A number of testing and remediation protocols are circulating, but at this point, none has been blessed by some learned institution. such "blessing" is necessary if banks and insurance companies are ever going to approve a remediation job. That's why I am on an ASTM committee that will be looking into this, and will be having its first meeting on the topic next week.

As in all residential toxic exposures, there will be malingerers and those who overreact. And, of course, there will be lawsuits, but it is unclear as to who should be the defendant—or better put, who would be the defendant most likely to pay off.

A most troubling aspect is that the gases will permeate out of the drywall, and can be absorbed by studs, concrete, and household goods. Sadly, the bulk of this situation is occurring in Florida, already hit with a stunning drop in real estate values, and tainted homes make it even worse.

Some contractors are claiming excellent results with their remediation methods, but these procedures are very expensive, and are not covered by any insurance. More than that, most odor-laden household goods will either have to be separately treated or simply discarded.

The posture of government is frankly not encouraging, since they fear that a huge bailout is in the making. Therefore, they are hyper-analyzing the situation in terms of testing the materials, but have done precious little testing of affected homes. There have been several photo op visits by government officials to affected homes, however.

Where Interscan comes in is that any "clearance" of a house for re-occupancy will involve gas detection.

A solution may be at hand in terms of chlorine dioxide treatment—similar to what was used on anthrax-contaminated buildings. We will keep you informed.

My take on the Nobel Peace Prize

This topic is covered in some detail in a Mike's Comment.

This, originally the most prestigious of Alfred Nobel's prizes, has become little more than a PC hallelujah chorus—with plenty of cash. As it turns out, the award to Obama does not even come close to as truly bad as this thing has gotten.

The worst awardee of all time, bar none, was Le Duc Tho, although Yasser Arafat was a close second. Check out the piece to see why.

Retroactive (1997)

Pick this one up on video. I don't think you'll be disappointed.

The plot involves a failed hostage negotiator (Kylie Travis), whose car breaks down in rural Texas, and she is "helped" by over-the-top baddie James Belushi. Fortunately, (I guess) as she is running from him, she stumbles upon a secret government lab, where techno-nerd Frank Whaley has a way to travel back in time.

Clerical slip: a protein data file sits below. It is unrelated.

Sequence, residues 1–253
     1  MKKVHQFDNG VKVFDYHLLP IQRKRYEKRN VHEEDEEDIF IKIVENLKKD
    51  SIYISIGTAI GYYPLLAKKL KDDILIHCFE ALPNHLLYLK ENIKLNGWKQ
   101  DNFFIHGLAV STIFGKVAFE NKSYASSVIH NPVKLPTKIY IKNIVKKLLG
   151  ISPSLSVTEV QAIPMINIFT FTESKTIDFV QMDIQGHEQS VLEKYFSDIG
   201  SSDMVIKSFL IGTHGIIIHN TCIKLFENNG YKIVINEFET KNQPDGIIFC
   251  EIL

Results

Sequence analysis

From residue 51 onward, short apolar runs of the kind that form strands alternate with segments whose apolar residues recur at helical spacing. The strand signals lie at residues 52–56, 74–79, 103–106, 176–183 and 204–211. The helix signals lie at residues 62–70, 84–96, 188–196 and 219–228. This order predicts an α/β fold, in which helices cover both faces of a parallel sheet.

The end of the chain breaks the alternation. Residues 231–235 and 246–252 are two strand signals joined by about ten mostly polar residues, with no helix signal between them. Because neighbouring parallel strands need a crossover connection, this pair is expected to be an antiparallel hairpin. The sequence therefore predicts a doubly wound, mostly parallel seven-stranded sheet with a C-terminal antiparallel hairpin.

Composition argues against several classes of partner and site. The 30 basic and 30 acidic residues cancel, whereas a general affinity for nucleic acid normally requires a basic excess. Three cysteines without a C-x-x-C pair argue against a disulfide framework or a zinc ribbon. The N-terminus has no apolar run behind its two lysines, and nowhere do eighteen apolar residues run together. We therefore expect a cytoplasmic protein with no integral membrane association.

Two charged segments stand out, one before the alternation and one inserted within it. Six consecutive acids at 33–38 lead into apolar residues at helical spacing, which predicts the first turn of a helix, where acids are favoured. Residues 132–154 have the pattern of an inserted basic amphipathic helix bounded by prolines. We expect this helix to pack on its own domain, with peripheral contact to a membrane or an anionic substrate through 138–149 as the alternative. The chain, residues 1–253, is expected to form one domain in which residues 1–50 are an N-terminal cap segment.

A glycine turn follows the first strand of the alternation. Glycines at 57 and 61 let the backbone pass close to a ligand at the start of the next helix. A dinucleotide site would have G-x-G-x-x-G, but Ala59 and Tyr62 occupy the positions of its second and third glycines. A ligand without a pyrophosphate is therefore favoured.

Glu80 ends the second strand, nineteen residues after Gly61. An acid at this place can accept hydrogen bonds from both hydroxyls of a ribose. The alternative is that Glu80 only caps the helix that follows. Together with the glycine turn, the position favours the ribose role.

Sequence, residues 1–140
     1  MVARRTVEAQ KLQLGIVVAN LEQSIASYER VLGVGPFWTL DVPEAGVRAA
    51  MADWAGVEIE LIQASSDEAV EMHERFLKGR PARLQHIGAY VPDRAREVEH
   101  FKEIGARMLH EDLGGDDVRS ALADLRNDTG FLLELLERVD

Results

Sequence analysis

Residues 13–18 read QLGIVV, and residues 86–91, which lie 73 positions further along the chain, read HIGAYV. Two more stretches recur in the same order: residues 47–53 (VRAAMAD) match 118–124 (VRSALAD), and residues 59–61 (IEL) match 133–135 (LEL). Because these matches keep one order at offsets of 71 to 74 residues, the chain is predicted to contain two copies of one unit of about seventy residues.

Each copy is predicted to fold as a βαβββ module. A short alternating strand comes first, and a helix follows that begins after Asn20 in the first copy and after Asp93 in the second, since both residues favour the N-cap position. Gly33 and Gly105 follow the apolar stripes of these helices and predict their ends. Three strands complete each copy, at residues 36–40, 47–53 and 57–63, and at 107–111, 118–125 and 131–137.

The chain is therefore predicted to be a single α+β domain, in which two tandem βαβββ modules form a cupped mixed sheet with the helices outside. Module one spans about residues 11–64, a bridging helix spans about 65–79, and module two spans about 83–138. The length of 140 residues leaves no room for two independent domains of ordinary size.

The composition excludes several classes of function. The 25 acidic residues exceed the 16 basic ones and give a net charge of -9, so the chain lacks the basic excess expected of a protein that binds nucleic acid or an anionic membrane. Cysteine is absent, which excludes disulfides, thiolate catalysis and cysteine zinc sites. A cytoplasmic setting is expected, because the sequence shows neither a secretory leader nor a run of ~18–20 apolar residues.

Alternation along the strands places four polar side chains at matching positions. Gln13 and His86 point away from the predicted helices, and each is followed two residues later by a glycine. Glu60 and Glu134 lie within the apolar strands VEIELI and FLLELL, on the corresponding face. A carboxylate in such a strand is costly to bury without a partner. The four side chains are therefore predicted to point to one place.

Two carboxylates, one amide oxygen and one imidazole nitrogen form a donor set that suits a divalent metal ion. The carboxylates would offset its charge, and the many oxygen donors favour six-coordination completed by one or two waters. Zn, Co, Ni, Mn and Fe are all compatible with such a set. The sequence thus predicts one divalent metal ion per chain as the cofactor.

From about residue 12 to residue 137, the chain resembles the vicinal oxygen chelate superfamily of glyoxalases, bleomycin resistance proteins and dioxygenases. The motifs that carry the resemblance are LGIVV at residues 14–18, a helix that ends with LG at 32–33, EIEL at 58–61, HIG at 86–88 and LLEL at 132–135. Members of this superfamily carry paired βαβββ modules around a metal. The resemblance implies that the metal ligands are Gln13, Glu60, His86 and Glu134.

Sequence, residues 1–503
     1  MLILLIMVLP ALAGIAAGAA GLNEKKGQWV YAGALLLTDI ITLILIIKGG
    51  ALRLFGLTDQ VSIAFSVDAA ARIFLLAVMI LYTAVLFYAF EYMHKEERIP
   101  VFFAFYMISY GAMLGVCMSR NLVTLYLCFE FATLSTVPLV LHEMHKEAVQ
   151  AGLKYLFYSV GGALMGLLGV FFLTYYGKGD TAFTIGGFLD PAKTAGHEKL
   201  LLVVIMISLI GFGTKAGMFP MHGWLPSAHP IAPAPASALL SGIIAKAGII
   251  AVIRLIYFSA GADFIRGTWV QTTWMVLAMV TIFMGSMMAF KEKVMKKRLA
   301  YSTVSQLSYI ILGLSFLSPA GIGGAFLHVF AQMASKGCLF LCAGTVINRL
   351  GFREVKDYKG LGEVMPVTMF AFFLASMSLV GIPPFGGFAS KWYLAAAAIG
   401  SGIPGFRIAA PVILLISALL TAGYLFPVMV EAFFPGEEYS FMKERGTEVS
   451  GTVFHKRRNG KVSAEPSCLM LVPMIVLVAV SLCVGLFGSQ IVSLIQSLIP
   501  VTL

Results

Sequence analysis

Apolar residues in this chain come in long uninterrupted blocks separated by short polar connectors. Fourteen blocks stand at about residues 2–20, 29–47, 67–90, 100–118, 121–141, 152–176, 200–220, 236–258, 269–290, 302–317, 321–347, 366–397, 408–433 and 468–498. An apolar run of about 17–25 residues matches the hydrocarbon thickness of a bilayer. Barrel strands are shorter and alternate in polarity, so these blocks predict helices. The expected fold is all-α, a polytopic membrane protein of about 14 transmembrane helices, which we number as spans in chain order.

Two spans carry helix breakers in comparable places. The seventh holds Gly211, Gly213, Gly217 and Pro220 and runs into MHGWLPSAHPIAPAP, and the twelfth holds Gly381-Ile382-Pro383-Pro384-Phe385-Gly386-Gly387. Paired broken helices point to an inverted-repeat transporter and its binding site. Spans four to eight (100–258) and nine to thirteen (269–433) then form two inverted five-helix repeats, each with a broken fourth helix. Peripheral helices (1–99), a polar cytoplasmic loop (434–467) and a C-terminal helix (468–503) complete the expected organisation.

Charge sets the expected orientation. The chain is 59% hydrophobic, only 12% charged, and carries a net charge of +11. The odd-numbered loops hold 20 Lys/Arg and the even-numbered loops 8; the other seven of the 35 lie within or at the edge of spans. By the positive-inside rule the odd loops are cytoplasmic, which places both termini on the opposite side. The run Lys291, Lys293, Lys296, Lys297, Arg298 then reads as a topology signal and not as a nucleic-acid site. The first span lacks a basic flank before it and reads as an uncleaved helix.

Since traveling back in time could prevent a related murder, Kylie tries it again and again, but the results are worse each time. Can she ever fix the mess?

Although many viewers at the time did not realize it, this one is played for laughs, with purposely cheesy special effects, and outrageous violence and dialogue.

Check it out.

More Reasons Not To Get Fat

That's the title of my latest HND piece, and it covers recent findings suggesting that if you are overweight in mid-life, you will not age well. Of course, some of this is intuitively obvious as most people do not lose weight as they get older.

The study looked at women who were members of the famous Nurses' Health Study

A fairly shocking finding involves the Body Mass Index, or BMI. This parameter is calculated by dividing your weight in kilograms by the square of your height in meters. The NIH provides a convenient online calculator, that works in either conventional or metric units. With some limitations, BMI is a good indicator of total body fat.

The study showed that every one unit increase of BMI was associated with a 12% reduction of the odds of healthy survival—a term applied to members of the cohort who reached age 70 with few health issues.

Women who were overweight (BMI ≥25) at age 18 and gained more than 22 pounds between age 18 and 50, had the worst odds of healthy survival.